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Benjamin Tallmadge

From Wikipedia, the free encyclopedia

Benjamin Tallmadge
Benjamin Tallmadge by Ezra Ames.JPG
Benjamin Tallmadge portrait
by artist Ezra Ames (c. 1800)
Member of the U.S. House of Representatives
from Connecticut's at-large district
In office
March 4, 1801 – March 3, 1817
Preceded byWilliam Edmond
Succeeded byThomas Scott Williams
Personal details
Born(1754-02-25)February 25, 1754
Setauket or Brookhaven, Province of New York
DiedMarch 7, 1835(1835-03-07) (aged 81)
Litchfield, Connecticut
Spouse(s)
Mary Floyd
(
m. 1784; died 1805)

Maria Hallett
(
m. 1808)
Children7, including Frederick A. Tallmadge
Alma materYale College
Known forOrganized the Culper Spy Ring
Signature
Military service
Allegiance United States of America
Branch/service2nd Continental Light Dragoons
Years of service1776–1783
RankMajor
Battles/warsAmerican Revolutionary War:

 • Battle of Trenton

 • Battle of Fort St. George

 • Battle of Monmouth

 • Battle of Stony Point

 • Battle of Fort St George

 • Siege of Yorktown

Benjamin Tallmadge (February 25, 1754 – March 7, 1835) was an American military officer, spymaster, and politician. He is best known for his service as an officer in the Continental Army during the American Revolutionary War. He acted as leader of the Culper Ring during the war, a celebrated network of spies in New York where major British forces were based. He also led a successful raid across Long Island that culminated in the Battle of Fort St. George. Following the war, Tallmadge was elected to the United States House of Representatives as a member of the Federalist Party.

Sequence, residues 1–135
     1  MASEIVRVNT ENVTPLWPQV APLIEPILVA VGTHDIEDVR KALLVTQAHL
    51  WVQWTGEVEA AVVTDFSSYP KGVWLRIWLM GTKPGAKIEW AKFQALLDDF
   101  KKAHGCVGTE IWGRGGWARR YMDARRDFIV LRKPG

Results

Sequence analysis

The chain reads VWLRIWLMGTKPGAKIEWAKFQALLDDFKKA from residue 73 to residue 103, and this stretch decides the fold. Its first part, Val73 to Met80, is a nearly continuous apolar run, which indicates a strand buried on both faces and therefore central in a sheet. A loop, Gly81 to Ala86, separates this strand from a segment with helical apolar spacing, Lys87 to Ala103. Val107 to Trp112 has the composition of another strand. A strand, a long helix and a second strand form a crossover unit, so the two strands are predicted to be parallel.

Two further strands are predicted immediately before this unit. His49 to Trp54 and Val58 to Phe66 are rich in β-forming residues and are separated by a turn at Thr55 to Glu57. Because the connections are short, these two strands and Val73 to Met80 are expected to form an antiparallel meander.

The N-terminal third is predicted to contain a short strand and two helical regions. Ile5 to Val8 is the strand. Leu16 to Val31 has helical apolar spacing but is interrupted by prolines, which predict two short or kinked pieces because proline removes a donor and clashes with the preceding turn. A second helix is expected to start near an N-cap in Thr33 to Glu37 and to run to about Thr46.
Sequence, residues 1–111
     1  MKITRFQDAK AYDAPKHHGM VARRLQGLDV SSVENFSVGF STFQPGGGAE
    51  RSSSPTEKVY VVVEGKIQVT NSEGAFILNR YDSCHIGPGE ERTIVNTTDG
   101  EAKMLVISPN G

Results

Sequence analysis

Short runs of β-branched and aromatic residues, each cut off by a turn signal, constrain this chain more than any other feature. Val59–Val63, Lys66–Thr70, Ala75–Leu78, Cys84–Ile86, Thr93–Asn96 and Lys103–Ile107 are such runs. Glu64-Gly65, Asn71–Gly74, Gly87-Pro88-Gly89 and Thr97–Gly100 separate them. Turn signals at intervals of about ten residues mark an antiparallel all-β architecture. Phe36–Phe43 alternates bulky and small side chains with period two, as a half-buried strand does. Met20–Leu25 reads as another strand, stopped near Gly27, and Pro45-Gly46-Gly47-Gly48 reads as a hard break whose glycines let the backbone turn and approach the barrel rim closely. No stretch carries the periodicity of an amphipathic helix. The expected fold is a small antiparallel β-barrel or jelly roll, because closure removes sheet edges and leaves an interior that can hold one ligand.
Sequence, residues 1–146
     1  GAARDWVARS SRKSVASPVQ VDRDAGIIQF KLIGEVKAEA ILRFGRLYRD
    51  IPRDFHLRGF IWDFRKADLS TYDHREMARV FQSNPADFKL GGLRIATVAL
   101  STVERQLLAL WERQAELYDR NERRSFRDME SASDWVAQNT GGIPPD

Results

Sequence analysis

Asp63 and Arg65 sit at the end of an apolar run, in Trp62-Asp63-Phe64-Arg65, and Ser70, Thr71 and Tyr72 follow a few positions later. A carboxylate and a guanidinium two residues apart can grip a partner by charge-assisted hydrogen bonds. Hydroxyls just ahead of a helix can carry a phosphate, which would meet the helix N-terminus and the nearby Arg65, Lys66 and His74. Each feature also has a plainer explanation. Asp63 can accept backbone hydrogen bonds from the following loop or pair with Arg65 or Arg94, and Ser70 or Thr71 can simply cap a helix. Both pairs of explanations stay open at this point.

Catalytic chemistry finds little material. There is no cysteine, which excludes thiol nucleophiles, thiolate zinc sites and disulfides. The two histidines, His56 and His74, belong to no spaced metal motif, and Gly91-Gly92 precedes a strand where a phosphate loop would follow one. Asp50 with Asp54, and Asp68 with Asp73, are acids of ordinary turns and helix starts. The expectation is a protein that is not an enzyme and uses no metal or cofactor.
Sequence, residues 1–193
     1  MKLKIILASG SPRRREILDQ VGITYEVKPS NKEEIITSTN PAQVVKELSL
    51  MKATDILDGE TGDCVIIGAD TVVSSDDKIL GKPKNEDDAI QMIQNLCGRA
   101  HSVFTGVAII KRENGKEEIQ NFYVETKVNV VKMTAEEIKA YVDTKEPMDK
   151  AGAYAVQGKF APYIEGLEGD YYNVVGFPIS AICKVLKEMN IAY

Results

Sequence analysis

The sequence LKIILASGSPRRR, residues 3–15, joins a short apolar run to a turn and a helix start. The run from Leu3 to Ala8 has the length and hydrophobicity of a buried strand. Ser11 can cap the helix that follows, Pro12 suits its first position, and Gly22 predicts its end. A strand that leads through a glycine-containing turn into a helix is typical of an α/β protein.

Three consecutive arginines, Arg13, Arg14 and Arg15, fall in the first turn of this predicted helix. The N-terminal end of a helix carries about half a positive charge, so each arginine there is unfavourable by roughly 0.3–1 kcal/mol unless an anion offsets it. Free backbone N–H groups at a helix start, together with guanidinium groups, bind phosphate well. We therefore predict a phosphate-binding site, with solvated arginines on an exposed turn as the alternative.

Early life

Tallmadge was born February 25, 1754, the son of Susannah Smith (1729–1768) and Rev. Benjamin Tallmadge Sr. (1725–1786), a clergyman in Setauket, New York, a hamlet of the Town of Brookhaven, New York, on Long Island.[1][2] He graduated from Yale in 1773 and was a classmate of American Revolutionary War spy Nathan Hale.[3] He served as superintendent of Wethersfield High School from 1773 to 1776.[2]

American Revolutionary War

Tallmadge was a major in the 2nd Continental Light Dragoons and was initially commissioned on June 20, 1776.[2] He was given the position of director of military intelligence by George Washington after Nathaniel Sackett was relieved of his duties because he did not gain any ground from the enemy.[4] Tallmadge was in charge of bringing intelligence from British-controlled New York to the Continental army, and he did so by assembling a network of spies known as the Culper Spy Ring, with the help of Abraham Woodhull and Robert Townsend.[5]

The Culper Ring was involved in revealing the betrayal of Benedict Arnold. Benedict Arnold's British contact John André was caught and taken to North Castle, where commander Colonel Jameson ordered lieutenant Allen to take the incriminating documents found with André to their commander Benedict Arnold at West Point. Tallmadge suspected André to be a spy and Benedict Arnold to be his accomplice, and he tried to have Jameson reverse his orders. He was unsuccessful, but did convince Jameson to send a rider and take Andre to Salem, eight miles east of the Hudson River and to send the documents to George Washington. Allen still reported to Benedict Arnold with Jameson's note outlining the events. Later, Jameson was chastised by Washington for warning Arnold and allowing his escape. André was placed in Tallmadge's custody awaiting execution.